12 Oct Brain Health With Ariel Garten
How to Keep Your Brain Healthy As You Age
There are so many things that we are told that we should do for our body’s health – eat right, exercise, destress – but we are rarely told what we should do for our brain’s health. It turns out that the things we do for our body also support our brain. Certain diet and lifestyle choices can have a positive effect on brain aging.
Read on to find out what you can do, or may already be doing, to protect your brain.
Exercise is not just great for your body, it also supercharges your brain and can help delay symptoms of age-related cognitive decline. I worked in a neurogenesis lab (neurogenesis is the growth of new neurons, and yes it can happen even in adult brains). The main way we’d get rats to grow new neurons is simply by putting them on a running wheel- in other words- have them exercise. Exercise can generate new neurons. It also upregulates BDNF (Brain Derived Neurotrophic Factor) which helps your neuronal processes (your axons and dendrites) make new connections in the brain.
Everyone has always told you to eat your vegetables, and it turns out they were right! A diet rich in colourful vegetables is naturally high in antioxidants and compounds that help to grow and protect your brain. Blueberries, for example, are high in brain-supportive polyphenols. The source of your food matters. Wild blueberries, for example, can contain up to 10X more polyphenols than regular blueberries.
An anti-inflammatory diet is also key. Inflammation can lead to negative consequences in your brain. The “mediterranean” diet – which is high in vegetables, with a modest amount of meat, no fried foods and anti-inflammatory olive oil – is a good example of a brain-supporting diet.
Our brain tissue is made up of a significant amount of fat, and keeping that fat optimal requires regularly ingesting healthy fats such as nuts, olive oil and avocados. The DHA found in Omega 3 fatty acids is particularly helpful for the brain. The myelin sheaths that wrap around your axons are made up of DHA, and since our bodies can’t produce DHA, we need to consume it from an external source. For a vegetarian, Algae is a reasonable source of DHA, and for pescatarians oily fish like mackerel and herring are good sources.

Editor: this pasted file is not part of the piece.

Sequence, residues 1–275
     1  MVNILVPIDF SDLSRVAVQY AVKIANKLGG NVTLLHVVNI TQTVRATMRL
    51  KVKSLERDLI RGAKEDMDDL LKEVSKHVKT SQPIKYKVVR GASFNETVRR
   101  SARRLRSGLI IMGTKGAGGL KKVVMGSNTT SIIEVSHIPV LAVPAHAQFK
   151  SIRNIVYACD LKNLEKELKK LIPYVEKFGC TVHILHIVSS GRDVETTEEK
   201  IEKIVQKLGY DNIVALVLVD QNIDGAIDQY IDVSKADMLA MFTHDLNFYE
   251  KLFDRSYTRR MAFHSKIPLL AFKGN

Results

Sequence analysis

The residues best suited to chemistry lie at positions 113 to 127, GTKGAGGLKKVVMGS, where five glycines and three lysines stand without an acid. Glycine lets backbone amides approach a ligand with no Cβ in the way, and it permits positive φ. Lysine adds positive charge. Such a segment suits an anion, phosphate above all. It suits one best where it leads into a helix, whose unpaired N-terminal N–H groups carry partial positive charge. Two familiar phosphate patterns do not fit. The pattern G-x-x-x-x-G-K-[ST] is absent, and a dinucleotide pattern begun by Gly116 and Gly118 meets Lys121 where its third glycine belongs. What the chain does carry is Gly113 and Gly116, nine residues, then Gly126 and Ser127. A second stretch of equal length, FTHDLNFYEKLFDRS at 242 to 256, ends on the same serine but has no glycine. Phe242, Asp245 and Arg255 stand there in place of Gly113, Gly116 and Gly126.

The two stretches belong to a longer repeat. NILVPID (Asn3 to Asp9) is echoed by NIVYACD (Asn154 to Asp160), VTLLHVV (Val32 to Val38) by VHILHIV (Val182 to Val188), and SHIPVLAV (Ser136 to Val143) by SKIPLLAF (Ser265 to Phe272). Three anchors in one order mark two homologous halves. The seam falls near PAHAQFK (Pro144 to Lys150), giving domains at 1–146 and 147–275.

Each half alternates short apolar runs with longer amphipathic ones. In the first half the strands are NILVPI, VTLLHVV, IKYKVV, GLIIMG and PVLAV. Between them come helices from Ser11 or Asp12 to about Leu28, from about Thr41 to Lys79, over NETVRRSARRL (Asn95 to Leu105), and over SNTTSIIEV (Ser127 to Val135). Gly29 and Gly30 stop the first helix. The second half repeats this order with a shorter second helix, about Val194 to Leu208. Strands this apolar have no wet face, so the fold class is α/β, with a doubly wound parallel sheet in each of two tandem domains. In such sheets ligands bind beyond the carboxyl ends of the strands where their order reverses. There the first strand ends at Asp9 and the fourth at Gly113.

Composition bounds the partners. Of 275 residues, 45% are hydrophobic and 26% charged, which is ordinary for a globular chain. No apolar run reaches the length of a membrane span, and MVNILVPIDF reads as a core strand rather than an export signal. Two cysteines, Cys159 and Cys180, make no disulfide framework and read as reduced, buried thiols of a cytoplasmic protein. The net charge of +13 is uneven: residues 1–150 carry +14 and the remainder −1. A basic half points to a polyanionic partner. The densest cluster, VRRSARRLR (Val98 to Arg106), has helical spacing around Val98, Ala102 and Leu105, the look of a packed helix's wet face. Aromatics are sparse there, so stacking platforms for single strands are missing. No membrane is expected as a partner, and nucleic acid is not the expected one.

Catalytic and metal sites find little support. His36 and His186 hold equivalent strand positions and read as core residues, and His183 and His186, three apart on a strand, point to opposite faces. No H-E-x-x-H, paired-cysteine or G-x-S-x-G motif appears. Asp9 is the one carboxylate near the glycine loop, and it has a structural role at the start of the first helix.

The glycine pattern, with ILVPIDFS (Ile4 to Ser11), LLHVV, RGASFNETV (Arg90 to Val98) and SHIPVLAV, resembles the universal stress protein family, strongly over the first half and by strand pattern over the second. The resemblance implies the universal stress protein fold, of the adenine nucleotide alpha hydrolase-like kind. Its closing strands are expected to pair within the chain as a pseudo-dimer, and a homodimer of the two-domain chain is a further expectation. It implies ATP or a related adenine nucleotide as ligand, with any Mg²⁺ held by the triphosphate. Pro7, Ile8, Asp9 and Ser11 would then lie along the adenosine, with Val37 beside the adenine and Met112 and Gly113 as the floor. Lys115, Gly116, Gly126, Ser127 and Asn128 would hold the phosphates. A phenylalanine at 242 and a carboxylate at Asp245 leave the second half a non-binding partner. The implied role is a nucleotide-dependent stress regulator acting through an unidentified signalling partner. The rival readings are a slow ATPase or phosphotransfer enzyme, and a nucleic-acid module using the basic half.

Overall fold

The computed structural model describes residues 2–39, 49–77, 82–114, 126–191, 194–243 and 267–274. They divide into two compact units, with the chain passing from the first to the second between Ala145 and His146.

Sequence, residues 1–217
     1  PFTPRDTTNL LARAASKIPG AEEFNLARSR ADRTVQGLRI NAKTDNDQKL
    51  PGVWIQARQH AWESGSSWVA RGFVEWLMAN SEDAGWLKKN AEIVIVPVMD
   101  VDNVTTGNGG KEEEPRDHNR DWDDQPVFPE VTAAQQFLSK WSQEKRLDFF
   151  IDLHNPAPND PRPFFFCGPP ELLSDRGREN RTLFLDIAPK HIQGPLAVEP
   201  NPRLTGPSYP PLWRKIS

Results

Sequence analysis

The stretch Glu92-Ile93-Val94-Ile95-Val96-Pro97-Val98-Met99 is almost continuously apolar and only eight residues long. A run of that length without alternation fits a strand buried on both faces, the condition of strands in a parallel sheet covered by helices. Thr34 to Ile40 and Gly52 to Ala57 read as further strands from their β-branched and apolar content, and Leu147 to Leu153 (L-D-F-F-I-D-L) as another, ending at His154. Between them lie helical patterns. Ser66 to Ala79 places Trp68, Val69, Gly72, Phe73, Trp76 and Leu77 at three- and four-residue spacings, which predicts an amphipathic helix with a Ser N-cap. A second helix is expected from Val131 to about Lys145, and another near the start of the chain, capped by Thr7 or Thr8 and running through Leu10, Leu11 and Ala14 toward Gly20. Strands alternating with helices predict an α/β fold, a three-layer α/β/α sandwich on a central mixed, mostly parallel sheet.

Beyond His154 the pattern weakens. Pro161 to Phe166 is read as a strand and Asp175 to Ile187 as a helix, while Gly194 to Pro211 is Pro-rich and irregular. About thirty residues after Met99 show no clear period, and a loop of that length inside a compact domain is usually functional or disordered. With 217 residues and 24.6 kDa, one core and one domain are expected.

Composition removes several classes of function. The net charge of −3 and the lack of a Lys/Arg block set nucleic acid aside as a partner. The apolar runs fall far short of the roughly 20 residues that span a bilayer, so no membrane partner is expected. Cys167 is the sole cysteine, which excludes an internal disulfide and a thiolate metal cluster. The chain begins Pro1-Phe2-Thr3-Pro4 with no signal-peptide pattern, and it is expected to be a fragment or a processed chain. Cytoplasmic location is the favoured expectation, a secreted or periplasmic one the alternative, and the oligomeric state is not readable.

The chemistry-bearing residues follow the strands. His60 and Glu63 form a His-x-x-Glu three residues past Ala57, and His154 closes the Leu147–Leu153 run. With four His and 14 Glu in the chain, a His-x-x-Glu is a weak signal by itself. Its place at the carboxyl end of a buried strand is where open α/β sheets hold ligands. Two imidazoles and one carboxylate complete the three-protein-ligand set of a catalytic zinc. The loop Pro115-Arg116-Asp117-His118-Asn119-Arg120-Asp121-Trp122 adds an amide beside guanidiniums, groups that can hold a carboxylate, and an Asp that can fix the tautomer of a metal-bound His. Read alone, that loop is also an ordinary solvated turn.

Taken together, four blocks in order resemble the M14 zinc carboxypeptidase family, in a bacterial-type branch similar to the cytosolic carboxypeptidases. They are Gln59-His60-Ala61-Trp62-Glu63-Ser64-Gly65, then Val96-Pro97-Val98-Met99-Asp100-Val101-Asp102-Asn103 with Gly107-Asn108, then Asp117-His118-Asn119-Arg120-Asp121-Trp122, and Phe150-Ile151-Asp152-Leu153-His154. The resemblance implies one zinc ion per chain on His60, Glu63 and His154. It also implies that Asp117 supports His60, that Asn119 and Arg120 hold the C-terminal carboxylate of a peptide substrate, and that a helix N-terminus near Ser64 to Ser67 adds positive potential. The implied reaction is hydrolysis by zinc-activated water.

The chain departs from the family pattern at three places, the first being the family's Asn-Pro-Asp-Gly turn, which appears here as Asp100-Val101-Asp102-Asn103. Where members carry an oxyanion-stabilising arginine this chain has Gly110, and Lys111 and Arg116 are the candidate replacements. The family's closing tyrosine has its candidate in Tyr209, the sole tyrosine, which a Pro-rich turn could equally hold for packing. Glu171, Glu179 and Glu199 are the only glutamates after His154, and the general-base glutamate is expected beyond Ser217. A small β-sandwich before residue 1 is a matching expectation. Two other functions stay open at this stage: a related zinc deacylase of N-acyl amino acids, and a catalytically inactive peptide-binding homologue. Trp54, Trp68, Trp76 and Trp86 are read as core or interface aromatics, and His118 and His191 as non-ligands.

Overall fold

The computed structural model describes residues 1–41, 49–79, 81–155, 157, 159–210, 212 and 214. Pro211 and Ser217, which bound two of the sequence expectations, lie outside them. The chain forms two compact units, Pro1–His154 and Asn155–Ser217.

Meditation has been shown to improve your brain’s health in myriad ways. First off, a regular meditation practice teaches you to master your negative thoughts, so you are able to change your relationship to those thoughts that trigger anxiety and depression, or just plain old stress, and live more freely. As you age, you become more vulnerable to anxiety and depression as well, so starting early with techniques to manage your mind is really helpful.
Secondly, negative thoughts actually lead to cellular again. We know this because of the groundbreaking work of nobel-prize-winning scientist Elizabeth Blackburn. Negative thoughts actually affect our cellular environment, causing an increase in oxyradicals and factors that lead to cellular aging. Meditation can reverse some of that process. Blackburn looked at the telomeres –the protective caps on our DNA– of individuals who meditated and those that didn’t, and demonstrated that meditators had more telomerase activity, and therefore better protective caps on their DNA.
Meditation also has a direct impact on multiple regions of your brain. Meditating regularly can help you strengthen your brain, and actually changes your brain. For example, meditation can keep your prefrontal cortex strong. Your prefrontal cortex is the higher order processing center of your brain, responsible for planning, organising, evaluating and overriding your more base needs. As you age, your prefrontal cortex thins. Dr Sara Lazar of Harvard showed that having a long term meditation practice can help you maintain the thickness of your prefrontal cortex – even as you age! Dr Lazar also showed that an 8-week meditation course can increase the density of your grey matter! That’s a very good thing. Meditation has also been shown to downregulate the amygdala (your fight-or-flight center), increase your insula (awareness of bodily sensation), increase activity at your temporal parietal junction (the area of your brain responsible for empathy and perspective), and strengthen the corpus callosum (the connection between your two hemispheres)!
There are many more things you can do to strengthen and protect your brain as you age. To learn more about how the brain works, follow Ariel Garten (arielgarten.com) on Instagram (ariel’s_musings on Instagram).
Ariel is on the Innovation Advisory board for the Center for Aging and Brain Health Innovation and is an advisor to Retispec, a start-up that is creating an Alzheimer’s early detection tool. Ariel is also the founder of Muse, the brain sensing headband that helps you meditate. Muse makes meditation easier by giving you real time feedback on your brain’s activity during meditation.